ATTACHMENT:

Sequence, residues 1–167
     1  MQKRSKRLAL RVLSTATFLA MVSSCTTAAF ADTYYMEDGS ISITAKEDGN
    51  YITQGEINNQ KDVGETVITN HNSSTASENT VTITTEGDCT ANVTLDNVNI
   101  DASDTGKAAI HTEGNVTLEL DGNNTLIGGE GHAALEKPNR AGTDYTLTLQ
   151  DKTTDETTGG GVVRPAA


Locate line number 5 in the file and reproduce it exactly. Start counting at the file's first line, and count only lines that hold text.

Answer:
   151  DKTTDETTGG GVVRPAA